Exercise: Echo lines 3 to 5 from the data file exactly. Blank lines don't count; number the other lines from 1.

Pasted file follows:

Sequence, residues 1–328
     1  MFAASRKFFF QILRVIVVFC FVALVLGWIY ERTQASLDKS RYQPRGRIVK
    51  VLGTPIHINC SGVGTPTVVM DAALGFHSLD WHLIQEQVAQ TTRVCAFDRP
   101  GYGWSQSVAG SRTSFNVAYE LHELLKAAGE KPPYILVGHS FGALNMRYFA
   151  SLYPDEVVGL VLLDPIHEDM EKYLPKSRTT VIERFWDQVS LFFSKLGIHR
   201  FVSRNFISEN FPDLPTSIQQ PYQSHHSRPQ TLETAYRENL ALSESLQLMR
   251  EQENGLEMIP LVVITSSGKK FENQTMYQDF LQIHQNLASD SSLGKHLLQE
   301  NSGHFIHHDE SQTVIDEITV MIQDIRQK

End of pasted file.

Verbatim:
    51  VLGTPIHINC SGVGTPTVVM DAALGFHSLD WHLIQEQVAQ TTRVCAFDRP
   101  GYGWSQSVAG SRTSFNVAYE LHELLKAAGE KPPYILVGHS FGALNMRYFA
   151  SLYPDEVVGL VLLDPIHEDM EKYLPKSRTT VIERFWDQVS LFFSKLGIHR